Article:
Warner Todd Huston
The George W. Bush Institute: free markets, small government... since when
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By Warner Todd Huston
November 15, 2009

Get ready because I am going to slap George W. Bush around a little bit. Now, don't get me wrong, it isn't like I hated him. After all I voted for him twice. There was a lot that Bush did that I supported, mostly on the security and war fronts. But, I really stood against his domestic agenda almost completely. I was against no child's behind left alone — er, I mean no child left behind — I was against the bailouts and against the drug benefit for seniors program. I disagreed with his "compassionate conservatism" narrative because it really was just an excuse for a little less big government than what the Democrats full-blown socialism would have been. About the only thing he wanted to do that I supported, the privatization of Social Security, he never pushed hard enough to implement.

With that in mind, George W. Bush made his first major appearance before the general public today in a speech announcing the George W. Bush Institute, a new public policy think tank to be housed in the Bush Presidential Library at Southern Methodist University in Dallas, Texas.

Mr. Bush wants his new institute to foster free market policies, small government thinking, education, global health and "human freedom"... to which I have to ask, so where were you for eight years on these things Mr. Bush?

During his speech, Bush said that with the $700 billion bank bailout he implemented in the waning days of his presidency he "went against" his free-market instincts. He said it was one of the "most difficult" decisions of his presidency. I'd say he failed the test. Juxtaposing his bailouts with the free-market, small government policies that he wants his new institute to push causes one to raise an eyebrow, of course. How do past actions jive with his future policy ideals?

To be sure, Bush will have a lot to live down in this vein. Mr. Bush's newly appointed executive director of the G.W. Bush Institute, James K. Glassman, recently found this out first hand in what one might have thought would have been a friendly environment for him.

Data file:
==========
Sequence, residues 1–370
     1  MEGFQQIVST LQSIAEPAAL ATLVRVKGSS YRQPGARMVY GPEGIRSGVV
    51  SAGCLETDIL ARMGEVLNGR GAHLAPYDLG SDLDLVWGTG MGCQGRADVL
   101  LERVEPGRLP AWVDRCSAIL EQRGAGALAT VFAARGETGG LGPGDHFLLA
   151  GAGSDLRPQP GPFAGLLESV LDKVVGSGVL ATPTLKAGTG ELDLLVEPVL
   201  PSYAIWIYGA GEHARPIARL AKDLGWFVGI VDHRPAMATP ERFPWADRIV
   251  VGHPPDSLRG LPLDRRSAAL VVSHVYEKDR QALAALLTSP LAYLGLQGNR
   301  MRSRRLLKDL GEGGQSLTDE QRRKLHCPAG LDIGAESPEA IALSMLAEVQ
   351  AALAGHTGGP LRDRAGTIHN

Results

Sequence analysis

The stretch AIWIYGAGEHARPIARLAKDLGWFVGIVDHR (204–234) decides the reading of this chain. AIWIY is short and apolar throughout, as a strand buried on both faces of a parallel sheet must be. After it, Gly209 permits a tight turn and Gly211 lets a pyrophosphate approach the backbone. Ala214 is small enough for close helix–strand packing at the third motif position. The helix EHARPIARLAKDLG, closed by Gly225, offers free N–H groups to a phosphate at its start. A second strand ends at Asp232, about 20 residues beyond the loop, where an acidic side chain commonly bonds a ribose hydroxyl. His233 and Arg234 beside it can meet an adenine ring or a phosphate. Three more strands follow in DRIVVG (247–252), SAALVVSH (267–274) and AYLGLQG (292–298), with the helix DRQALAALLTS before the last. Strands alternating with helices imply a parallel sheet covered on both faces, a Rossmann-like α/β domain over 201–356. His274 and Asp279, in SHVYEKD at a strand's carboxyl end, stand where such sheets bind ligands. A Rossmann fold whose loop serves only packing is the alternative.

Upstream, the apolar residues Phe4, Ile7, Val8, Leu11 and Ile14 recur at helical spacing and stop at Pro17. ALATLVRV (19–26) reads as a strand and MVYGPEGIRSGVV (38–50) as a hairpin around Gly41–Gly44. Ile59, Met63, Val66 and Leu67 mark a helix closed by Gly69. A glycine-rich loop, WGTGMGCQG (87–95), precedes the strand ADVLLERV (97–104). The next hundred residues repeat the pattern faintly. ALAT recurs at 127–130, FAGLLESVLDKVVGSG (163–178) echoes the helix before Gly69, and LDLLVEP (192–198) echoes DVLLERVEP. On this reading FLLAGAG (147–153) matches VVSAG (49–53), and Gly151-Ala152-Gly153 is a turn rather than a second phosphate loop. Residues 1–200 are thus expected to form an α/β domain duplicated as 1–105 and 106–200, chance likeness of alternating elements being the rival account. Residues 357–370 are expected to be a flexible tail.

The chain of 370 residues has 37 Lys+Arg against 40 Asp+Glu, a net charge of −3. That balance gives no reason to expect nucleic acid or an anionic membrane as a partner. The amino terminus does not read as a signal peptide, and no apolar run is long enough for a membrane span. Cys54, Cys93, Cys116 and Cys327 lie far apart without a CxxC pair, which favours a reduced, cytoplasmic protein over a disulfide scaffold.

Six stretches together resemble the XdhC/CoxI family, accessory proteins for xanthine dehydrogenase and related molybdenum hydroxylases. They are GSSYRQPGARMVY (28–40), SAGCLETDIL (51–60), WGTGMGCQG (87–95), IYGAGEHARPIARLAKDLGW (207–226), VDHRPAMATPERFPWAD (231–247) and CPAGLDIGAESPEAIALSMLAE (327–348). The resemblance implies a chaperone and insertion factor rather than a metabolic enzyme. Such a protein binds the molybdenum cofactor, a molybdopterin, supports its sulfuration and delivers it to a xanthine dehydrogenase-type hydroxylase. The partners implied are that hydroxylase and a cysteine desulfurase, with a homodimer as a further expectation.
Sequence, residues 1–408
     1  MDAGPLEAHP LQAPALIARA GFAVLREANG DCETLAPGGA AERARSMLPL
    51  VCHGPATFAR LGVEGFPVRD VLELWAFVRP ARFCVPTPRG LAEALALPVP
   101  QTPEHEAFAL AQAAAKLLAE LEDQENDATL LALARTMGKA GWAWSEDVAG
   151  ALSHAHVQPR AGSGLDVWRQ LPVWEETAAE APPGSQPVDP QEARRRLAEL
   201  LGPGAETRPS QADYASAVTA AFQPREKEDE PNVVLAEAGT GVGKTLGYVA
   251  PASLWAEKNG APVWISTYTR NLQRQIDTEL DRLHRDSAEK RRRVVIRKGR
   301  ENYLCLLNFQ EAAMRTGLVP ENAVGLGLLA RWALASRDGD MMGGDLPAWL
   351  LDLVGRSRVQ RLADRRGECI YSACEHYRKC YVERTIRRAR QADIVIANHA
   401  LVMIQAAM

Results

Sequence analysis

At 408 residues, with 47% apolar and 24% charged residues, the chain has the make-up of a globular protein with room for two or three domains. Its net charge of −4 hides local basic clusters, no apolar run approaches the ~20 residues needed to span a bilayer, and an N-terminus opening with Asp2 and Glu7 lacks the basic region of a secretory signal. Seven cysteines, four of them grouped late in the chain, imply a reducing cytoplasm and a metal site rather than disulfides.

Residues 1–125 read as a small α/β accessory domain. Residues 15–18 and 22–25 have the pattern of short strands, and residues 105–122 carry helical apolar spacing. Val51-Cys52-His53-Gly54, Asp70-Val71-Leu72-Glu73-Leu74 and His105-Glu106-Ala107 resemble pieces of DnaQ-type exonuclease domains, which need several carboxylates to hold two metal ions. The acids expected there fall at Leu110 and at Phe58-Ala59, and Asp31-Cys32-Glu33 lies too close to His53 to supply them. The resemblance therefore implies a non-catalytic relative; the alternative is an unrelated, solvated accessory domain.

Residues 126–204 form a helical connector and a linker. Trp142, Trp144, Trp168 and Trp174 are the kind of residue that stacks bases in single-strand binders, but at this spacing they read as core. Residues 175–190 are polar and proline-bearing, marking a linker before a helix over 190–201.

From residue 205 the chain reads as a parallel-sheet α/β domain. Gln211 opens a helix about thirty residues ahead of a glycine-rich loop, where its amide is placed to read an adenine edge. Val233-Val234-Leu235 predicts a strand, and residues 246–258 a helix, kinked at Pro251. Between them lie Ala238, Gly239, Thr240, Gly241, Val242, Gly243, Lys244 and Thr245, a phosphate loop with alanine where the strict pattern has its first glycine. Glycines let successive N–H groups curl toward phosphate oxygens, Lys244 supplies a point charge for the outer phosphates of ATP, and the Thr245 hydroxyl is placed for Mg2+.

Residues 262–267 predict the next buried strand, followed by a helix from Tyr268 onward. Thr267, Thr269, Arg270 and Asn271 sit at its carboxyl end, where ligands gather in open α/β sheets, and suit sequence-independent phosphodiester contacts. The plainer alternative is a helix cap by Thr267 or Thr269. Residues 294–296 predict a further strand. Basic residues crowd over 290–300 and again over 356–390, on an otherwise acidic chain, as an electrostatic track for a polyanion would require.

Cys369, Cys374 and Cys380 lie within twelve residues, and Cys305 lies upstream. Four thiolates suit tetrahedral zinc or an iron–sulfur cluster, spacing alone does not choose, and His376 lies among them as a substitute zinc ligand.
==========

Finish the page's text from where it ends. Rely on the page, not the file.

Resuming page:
Glassman appeared as a guest speaker at a breakfast meeting at the State Policy Network's 17th Annual conference held earlier this month in Asheville, North Carolina. SPN is a sort of trade organization for conservative state policy think tanks. Glassman was there to speak on Internet freedom (as opposed to net neutrality) but after his address not one question was asked about his ideas on the Internet. Every question thrown his way had to do with the Bush's bad decision on TARP and what the audience considered his bad drug benefit program and his disastrous education policies.

Glassman saw his subject overwhelmed by the distaste a conservative audience had for his boss's policies. I think this will be a harbinger of things to come for the projects that the Bush Institute tries to implement, at least until people stop being so angry about his presidency.

Now, let's be clear about a few things. The Bush administration was pretty good on free markets. His work with emerging markets like India and Colombia, not to mention long-time trade partners like Canada, Mexico, et all, was great. But his bank bailouts went completely against free market principles.

As to education, a real conservative would rather see policies that denudes the federal government of all powers in this area. With no child left behind, it was plain that Bush felt that the federal government had a legitimate and growing role in education.

Still, I hope that the new George W. Bush Institute is successful in fostering only the best, conservative ideas and policies and helps the country and the world move more toward self-reliance, the free-market, and the like. It remains to be seen if his new organization will do that. But we can hope.

© Warner Todd Huston

 

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Warner Todd Huston

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